BOYS IN THE TREES, Australia, 2016. Starring Toby Wallace, Gulliver McGrath, Mitzi Ruhlmann, Justin Holborow. Directed by Nicholas Verso. 112 minutes. Rated M (Mature themes, violence, coarse language, sexual references, drug use).
The setting is 1997. It is Halloween.
This story of teenagers in the Australian suburbs becomes more impressive as it unfolds. At first, it looks like a typical enough presentation of youngsters, quite an amount of skateboarding, some showing off, a particularly unpleasant episode of bullying, and young males mouthing off in obnoxious ways. The males then all get dressed up in Halloween costumes, many as predatory animals with comments akin – and it is surprising, in retrospect, to see such elaborate details of Halloween behaviour at that time.
But soon the film becomes much more introspective. The central character is Corey, who literally runs with the pack, but who separates himself off at times because of his skill with his camera, intending to go to New York with a scholarship to continue photography courses, despite the objections of his father. The victim of the bullying is Jonah, looking younger, short in height, a skateboarder but obviously used to being pushed around and humiliated. Corey takes his photo and later, Jango, the dominating leader of the pack, photocopies the photo and places it prominently in the streets and in the parks.
Corey is challenged by Romany, who also wants to get out of the place, allows herself to be partly trapped with the group but goes off to work on a late shift. As Corey wanders off from the group, he encounters Jonah at the skateboard rink. Jonah falls and hurts his head, a possible concussion, and asks Corey to walk home with him as something of an apology.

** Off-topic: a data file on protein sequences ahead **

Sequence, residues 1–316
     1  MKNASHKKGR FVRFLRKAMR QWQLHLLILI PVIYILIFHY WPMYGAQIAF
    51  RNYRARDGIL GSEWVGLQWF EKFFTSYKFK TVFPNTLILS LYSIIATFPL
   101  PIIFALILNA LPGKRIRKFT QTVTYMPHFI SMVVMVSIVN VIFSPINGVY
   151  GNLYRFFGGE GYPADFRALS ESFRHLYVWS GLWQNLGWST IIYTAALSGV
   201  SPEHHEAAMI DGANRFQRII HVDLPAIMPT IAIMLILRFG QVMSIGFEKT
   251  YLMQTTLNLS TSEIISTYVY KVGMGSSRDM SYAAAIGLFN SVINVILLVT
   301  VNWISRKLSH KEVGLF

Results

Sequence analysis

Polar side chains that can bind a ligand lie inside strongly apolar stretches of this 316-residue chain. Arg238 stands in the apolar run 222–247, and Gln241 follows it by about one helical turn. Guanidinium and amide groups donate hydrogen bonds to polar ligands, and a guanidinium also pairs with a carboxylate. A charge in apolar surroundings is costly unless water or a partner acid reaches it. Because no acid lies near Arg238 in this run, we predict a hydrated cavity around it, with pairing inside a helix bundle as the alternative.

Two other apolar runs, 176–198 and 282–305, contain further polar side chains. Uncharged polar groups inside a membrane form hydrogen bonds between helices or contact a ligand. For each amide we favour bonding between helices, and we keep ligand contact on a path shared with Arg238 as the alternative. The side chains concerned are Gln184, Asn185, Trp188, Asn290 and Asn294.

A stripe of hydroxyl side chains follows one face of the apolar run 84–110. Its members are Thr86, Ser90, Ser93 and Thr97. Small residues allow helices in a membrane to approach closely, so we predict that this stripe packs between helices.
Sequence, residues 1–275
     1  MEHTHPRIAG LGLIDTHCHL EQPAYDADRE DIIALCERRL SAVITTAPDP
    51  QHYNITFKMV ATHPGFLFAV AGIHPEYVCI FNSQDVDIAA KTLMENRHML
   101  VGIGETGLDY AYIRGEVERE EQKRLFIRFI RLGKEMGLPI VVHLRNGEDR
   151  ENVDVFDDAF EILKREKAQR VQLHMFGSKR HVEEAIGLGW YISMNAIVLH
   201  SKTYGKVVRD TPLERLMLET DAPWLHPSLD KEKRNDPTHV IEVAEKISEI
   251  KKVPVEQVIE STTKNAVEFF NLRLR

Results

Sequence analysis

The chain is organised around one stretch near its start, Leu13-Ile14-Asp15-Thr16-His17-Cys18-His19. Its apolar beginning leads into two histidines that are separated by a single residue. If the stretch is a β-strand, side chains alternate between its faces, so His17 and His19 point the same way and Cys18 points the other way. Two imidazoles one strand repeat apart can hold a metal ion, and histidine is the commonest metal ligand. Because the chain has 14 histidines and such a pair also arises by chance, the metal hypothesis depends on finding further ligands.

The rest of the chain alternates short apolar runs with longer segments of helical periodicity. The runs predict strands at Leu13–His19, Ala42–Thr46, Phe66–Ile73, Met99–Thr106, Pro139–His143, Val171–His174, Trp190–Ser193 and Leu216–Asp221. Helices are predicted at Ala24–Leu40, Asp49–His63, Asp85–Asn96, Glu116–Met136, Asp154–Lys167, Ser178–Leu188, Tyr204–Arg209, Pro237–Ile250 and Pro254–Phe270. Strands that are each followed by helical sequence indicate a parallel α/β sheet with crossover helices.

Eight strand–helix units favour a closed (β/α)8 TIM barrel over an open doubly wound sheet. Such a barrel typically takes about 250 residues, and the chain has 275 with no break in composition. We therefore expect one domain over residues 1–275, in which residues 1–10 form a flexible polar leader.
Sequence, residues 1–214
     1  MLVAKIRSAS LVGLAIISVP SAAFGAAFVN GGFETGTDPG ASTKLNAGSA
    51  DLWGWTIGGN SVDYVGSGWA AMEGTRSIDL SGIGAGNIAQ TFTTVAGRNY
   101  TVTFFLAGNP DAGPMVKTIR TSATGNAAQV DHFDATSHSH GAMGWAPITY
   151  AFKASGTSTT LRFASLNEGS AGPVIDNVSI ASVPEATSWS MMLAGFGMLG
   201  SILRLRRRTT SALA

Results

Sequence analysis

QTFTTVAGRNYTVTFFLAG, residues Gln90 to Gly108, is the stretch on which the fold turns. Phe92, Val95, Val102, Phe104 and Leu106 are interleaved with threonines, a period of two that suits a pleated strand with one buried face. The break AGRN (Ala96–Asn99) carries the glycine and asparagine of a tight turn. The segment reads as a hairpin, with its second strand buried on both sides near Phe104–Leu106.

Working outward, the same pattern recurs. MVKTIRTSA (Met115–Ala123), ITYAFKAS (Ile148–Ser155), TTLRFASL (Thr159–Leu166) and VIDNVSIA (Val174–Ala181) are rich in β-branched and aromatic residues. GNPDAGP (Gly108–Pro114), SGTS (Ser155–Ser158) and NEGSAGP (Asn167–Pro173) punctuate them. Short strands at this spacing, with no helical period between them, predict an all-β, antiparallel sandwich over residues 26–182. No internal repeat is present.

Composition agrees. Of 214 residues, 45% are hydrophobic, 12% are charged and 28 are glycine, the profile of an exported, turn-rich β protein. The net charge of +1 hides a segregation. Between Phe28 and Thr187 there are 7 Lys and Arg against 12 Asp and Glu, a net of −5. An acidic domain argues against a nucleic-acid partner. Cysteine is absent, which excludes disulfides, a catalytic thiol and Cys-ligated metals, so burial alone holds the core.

And here the film moves from Corey’s introspection to a mysterious world of imagination and fantasy, combining it with the realism of the walk home, the Halloween behaviour, Corey going to see Romany at the shop, Jango leading his troop making a mess of the shop, and Corey clashing with Jango and separating off, still accompanying Jonah.
It emerges that the two boys have a past friendship but that Corey betrayed Jonah and abandoned him. To relive something of the past, going back into their memories, of Jonah’s mother dying – and their encounter of Hispanic group in a local costume commemorating a death and singing plaintively, a little girl who emerges from a huge open drain exit and a mysterious man dressed in white.
The boys are particularly convincing, Toby Wallace emerging from being a child actor as Corey; Gulliver McGrath who has worked for Steven Spielberg in Lincoln and Martin Scorsese in Hugo, bringing quite some vulnerability to Jonah; and Justin Holobrow completely believable as the pier-pressuring Jango. Mitzi Ruhlmann is Romany.
The film was made in Adelaide by former DJ, Nicholas Verso, who has also made a number of short films. This film should be more than a calling card for his career as a director. Early in the year, another film came from Adelaide, Girl Asleep. This was also the story of teenagers, this time set in the 70s, focusing on a teenage girl blending the realism of her school and family story with quite an excursion into a world of fantasy. The two films could be seen as striking companion pieces.
Boys in the Trees (who seem to have their head in the trees, refusing to grow up, then literally climbing trees with the potential for a fall) could be a challenge to its target audience but also makes quite an impact on an older audience.
Mushroom Films Released 20th October
Peter Malone MSC is an Associate of the Australian Catholic Office for Film and Broadcasting.